Wednesday, February 20, 2019


He was America’s first public philanthropist. He made the first steam locomotive.
He invented Jell-o. He was one of the handful of men who was responsible for
the first transatlantic cable.  He put the first elevator shaft in a building, and did it
before the elevator was invented. He was the nation’s early equivalent of a
billionaire, who was an ardent abolitionist and also promoted the cause of Native
Americans.  At 85, he ran for president of the United States. He still is the oldest
person ever nominated by a notable political party. He lost (but probably affected
the outcome of one of the closest elections in U.S. history).

Yet few, outside his home town, remember his name.

Peter Cooper was born in New York in 1791. (George Washington was in his
first term as president.) He died in 1883. He was one of the greatest American
capitalists of the 19th century, and an historically important innovator, but what
made him a true visionary was his original and compassionate notion that,
having made a fortune, he needed to give much of it back to the community in
which he lived. Born in modest means, he routinely gave his money to
institutions and causes for the poor and for political reform. In 1876, at the
age of 85, he ran for president of the United States as the nominee of the
National Independent (Greenback) Party, He received only 1% of the vote, but
many of his then radical ideas later became normal standards of public policy

His most enduring and visible contribution was a building, the Cooper Union,
which was completed in 1858. It was then, and is now, a school of architecture,
engineering and fine arts. It was intended for the poor of New York who
otherwise could not attend classes. Then, as now, no one paid to attend the
school’s classes. The only requirement was superior intelligence. Men and
women could attend, as could the young and old. It also provided the only
public library in the city of its kind, open to all. Since the day it opened,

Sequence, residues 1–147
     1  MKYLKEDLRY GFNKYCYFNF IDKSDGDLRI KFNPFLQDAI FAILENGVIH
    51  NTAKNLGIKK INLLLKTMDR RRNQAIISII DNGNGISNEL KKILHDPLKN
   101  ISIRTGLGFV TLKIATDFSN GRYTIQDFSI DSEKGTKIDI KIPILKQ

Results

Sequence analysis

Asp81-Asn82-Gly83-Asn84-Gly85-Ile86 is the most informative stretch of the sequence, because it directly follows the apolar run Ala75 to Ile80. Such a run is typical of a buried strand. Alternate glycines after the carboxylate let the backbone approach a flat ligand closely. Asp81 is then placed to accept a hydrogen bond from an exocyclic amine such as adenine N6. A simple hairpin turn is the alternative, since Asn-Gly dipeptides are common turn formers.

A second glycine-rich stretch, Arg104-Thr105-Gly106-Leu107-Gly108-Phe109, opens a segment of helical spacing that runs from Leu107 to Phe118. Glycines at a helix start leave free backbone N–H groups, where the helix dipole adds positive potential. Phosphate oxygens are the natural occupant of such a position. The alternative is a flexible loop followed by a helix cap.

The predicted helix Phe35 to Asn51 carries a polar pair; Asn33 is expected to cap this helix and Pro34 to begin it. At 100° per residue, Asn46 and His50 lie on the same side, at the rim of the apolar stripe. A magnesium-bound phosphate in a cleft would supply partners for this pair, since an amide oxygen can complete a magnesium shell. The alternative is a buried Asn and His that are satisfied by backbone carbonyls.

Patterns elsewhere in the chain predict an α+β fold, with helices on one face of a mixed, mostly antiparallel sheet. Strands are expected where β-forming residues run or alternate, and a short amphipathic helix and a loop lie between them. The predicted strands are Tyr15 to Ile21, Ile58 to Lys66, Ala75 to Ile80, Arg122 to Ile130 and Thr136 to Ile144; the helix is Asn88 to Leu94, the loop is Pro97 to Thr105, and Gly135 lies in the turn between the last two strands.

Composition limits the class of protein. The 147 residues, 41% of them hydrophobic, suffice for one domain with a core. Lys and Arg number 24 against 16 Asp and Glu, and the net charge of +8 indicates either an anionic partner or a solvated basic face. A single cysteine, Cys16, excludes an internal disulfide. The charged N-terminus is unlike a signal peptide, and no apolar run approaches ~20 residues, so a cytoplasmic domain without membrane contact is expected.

there has not ever been a vacancy in its classes. It lists great artists and
architects, famous engineers and a Nobel prize winner among its graduates.
Over the years, its faculty and students became more and more
distinguished. Today, with 600 students, it is one of the finest schools of its
kind in the nation.

But Peter Cooper had a second purpose in mind with his Cooper Union. In
the building’s basement, he constructed a Great Hall, then holding 1100
persons, that was to be a forum for new and exciting ideas.

The most famous speech given there was, of course, Abraham Lincoln’s
two-hour address on the evening of February 27, 1860. Lincoln, at that
moment, was the darkest of dark horses for the Republican nomination
for president in 1860. The new party which had replaced the Whig Party
in 1856, now had a chance to elect a president, because the crisis of the
slavery issue had split the Democratic Party into a northern faction and a
southern faction. New York Republicans, however, thought that their
governor, William Seward, then the frontrunner for the GOP nomination,
could not win the general election. They planned a series of speeches, to
be given by prominent Midwestern Republicans, to find a candidate who
could win. Among those they invited, was Lincoln,  a successful railroad
attorney who had served one term in Congress, but had lost an 1858 senate
race in Illinois to Stephen Douglas (who by 1860 was the almost certain
Democratic nominee for president). Lincoln, however, could not come to
New York for the scheduled autumn, 1859 speeches at the New York
YMCA, but was able to come in February, 1860. By that time, the
organizers had moved the venue to the larger Cooper Union, opened only
a year before.

Lincoln’s speech is arguably the most important political speech in
American history. Not as poetic as the more famous Gettysburg Address
or his Second Inaugural, his bold Cooper Union speech destroyed the
pretense of the intellectual argument for slavery, and electrified his
Cooper Union audience. Lincoln had also cagily arranged for copies of
his speech to be distributed to the press, and within a few days, he was a
political sensation in the North and among Republicans. This speech
almost certainly made him the eventual nominee and president.

Cooper Union continued to be a forum for important American speeches
and ideas throughout the 19th century, the early 20th century, and to the
present time. After Lincoln’s speech, Susan B. Anthony, Horace Greeley,
Mark Twain, Ulysses S. Grant, Robert Ingersoll, Victoria Woodhull and
Thomas Huxley spoke there, In recent years, Bill Clinton has spoken there.

When I got out of graduate school and moved to New York in the early 1
970’s, I lived for a while in the lower east side, and passed Cooper Union
to and from work every day.  I did not ever go inside, although I knew it
was an historic building still in use. Later, I learned about Lincoln’s
speech there, but I still did not know until much later the full story of the
school and its remarkable founder, Peter Cooper --- a man who changed
history in so many ways.

Copyright (c) 2007 and 2019 by Barry Casselman. All rights reserved.

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